Eye For Film >> Movies >> Fair Wind - Notes Of A Traveller (2013) Film Review
Fair Wind - Notes Of A Traveller
Reviewed by: Michael Pattison
In August 2011, Bernadette Weigel set off from her native Vienna and headed east, with no particular destination in mind. Over the next year, she visited Romania, Ukraine, Georgia, Azerbaijan and Kazakhstan armed with a Super-8 camera. Assembling her footage into an 80-minute travelogue, Weigel – who has worked in past years with Gustav Deutsch and Michael Haneke – has made her directorial debut with a succession of moving-image postcards that might be described as both a snapshot and a product of its age.
Weigel opens her film with a quotation from German writer Alfred Döblin: “But the essence of the human being are his [sic] eyes and his feet. One must be able to see the world and walk towards it.” Of course, anyone privileged enough to travel the world is perhaps in no position other than to fall in love with it, which might account for why Weigel seemingly has so little to say. What new insights are to be found? One is tempted to ask here why any of us should care that another person has gone to see the world and has brought us back pictorial evidence of her adventures.
The emphasis in Fair Wind - Notes Of A Traveller (Fahrtwind - Aufzeichnungen Einer Reisenden) is on surface textures. Weigel’s imagery has an appreciably rugged edge – colourfully vivid on the one hand but ethereally retro on the other. There is also a palpable disconnect between sound and image, which draws attention to those strangely exotic sounds of which an outsider’s senses are especially aware: barking dogs, ocean waves, the flow of a river, a wood pigeon, the cry of a mosque. Ironically, however, there are few actual notes in the film. Impressions are often evoked through association, such as when nuns sing over an image of far-off hills. At other points, Weigel finds much joy in the simplicity of things, like a local child’s smile and laughter, or two nuns being repeatedly lifted into the air by the bells they’re ringing.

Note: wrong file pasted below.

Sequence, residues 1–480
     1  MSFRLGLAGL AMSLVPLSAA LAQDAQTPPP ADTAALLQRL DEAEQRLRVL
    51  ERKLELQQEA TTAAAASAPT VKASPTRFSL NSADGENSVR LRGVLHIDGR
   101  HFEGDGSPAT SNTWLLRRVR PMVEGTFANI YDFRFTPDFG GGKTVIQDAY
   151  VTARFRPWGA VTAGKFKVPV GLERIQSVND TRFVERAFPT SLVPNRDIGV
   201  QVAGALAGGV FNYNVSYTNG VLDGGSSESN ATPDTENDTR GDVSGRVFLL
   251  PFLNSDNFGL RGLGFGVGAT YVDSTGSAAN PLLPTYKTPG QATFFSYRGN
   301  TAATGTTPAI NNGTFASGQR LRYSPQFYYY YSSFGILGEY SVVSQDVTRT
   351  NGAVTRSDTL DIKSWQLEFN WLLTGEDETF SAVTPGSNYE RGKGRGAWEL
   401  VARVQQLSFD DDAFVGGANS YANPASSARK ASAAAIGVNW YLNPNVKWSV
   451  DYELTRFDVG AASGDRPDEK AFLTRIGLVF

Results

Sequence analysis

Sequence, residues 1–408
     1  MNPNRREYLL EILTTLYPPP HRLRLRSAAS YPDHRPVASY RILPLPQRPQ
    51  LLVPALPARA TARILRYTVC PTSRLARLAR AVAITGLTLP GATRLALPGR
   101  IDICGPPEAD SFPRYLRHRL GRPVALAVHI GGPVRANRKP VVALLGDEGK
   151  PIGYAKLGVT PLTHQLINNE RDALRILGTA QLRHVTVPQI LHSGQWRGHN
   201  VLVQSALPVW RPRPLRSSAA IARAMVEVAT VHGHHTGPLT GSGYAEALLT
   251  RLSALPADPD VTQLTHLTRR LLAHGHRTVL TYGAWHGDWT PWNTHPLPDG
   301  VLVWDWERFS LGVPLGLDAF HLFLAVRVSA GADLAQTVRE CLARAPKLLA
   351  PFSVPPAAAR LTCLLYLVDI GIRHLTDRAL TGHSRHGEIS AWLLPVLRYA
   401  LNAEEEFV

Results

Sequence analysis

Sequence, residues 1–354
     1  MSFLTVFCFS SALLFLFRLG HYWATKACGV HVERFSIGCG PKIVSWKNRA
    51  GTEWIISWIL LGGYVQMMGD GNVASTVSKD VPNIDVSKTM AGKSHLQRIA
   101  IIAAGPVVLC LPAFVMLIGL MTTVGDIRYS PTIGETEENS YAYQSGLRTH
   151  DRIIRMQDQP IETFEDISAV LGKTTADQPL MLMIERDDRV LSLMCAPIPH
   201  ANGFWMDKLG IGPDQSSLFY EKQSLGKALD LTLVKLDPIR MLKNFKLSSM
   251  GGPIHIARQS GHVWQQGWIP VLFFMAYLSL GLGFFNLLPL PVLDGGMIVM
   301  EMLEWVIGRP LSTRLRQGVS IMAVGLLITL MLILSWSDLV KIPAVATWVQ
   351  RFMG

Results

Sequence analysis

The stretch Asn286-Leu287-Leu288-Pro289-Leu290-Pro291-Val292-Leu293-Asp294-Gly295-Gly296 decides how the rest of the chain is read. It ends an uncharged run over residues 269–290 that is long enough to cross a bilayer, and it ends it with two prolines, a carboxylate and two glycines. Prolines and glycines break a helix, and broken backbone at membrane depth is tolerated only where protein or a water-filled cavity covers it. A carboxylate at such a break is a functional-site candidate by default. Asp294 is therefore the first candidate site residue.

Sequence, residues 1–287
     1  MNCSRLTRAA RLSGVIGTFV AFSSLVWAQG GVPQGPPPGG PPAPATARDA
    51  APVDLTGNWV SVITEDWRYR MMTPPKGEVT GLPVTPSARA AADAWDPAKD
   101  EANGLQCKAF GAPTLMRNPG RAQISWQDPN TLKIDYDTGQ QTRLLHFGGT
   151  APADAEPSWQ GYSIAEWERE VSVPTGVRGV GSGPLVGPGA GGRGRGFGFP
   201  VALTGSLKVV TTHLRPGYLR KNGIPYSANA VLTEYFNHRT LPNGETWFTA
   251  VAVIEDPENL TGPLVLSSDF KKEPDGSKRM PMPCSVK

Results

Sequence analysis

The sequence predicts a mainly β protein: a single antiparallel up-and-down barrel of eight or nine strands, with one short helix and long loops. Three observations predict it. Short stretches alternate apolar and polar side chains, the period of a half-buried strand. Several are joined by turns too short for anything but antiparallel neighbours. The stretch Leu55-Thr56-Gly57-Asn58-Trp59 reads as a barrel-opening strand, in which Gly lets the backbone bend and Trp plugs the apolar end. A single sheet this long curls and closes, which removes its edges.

Likewise, there’s little (to be) said about the several instances here in which animals are killed. Weigel lingers on moments in which a sheep’s or a pig’s throat is cut with a detached curiosity. At a market, fish can be seen twitching on a stall. This is, as is mentioned early on, “the unknown” – pretty unfathomable and unfathomably pretty. But compare the film to, say, Ron Fricke’s Baraka (1992) or Samsara (2011), and as a document of different customs it begins to look rather ordinary. Even if we haven’t been to these places before, in some way we have already seen them. It’s fair enough that Weigel wants us to “fall in love with the world at first sight”, but that surely doesn’t preclude questioning or commenting upon it.Reviewed on: 20 Jun 2013
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